Why an Annuity Might Fit Into Your Plans

Whether alongside or instead of a registered retirement income fund (RRIF), an annuity can be a useful component of your retirement plan

By Olev Edur

With interest rates now the highest they’ve been in more than 15 years (since November 2007), retirees seeking a safe haven for their savings—without having to fret about the day-to-day vagaries of stock markets—may once again want to consider fixed-income investments. And for those who want worry-free lifelong security, annuities have become much more attractive.

“There’s been a lot of increased talk about payout annuities lately,” Blake Griffith, a Sun Life advisor in Calgary, acknowledges. “And given current interest rates, it’s a good time to be thinking about them.”

Annuities are financial products available from most insurance companies; basically, in return for committing a lump sum, you receive guaranteed payments for either a specified term or the rest of your life. Once you’ve committed that money, it’s locked in and the payments are fixed for the duration, meaning that you never again need to make any investment decisions about those funds.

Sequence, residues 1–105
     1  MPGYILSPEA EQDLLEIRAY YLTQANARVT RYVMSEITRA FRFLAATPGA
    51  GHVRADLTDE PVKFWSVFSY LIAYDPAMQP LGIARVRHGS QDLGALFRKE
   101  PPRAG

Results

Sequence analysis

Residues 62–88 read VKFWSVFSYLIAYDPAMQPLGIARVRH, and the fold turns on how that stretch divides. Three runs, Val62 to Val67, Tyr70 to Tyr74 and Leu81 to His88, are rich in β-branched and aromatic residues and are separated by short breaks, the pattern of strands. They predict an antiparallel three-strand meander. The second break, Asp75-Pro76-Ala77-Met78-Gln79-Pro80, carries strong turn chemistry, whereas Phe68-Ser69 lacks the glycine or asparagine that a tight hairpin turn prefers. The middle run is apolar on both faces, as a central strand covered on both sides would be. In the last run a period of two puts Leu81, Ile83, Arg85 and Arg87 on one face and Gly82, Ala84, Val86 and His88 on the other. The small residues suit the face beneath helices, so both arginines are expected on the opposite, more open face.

Adding some possible immediacy to thoughts of capitalizing on current high interest rates, the general consensus among analysts and advisers is that in another year or two, once inflation has been tamed, rates will start coming down again. As evidence, you need only look at the GIC rates being offered by your financial institution: long-term rates are now lower than short-term, a reversal of the normal state of affairs in the investment industry known as an “inverted yield curve.”

As of March 2023, for example, a one-year non-redeemable compound-interest GIC on TD Canada Trust’s website was quoted at 4.65 per cent, while a comparable four-year GIC was paying 4.0 per cent and the five-year was 4.05 per cent. Similarly, the one-year and five-year rates at Royal Bank were 4.65 and 4.20 per cent, while at Oaken Financial (backed by Home Bank) they were 5.15 and 4.40 per cent.

Since annuities are essentially based on going interest rates, the inverted yield curve also has significance—given the widespread assumption that rates will soon subside, there might be no time like the present for buying, as long as the annuity concept fits in with your overall retirement planning. “Annuities should always be considered as part of a bigger plan for your retirement finances,” Griffith advises.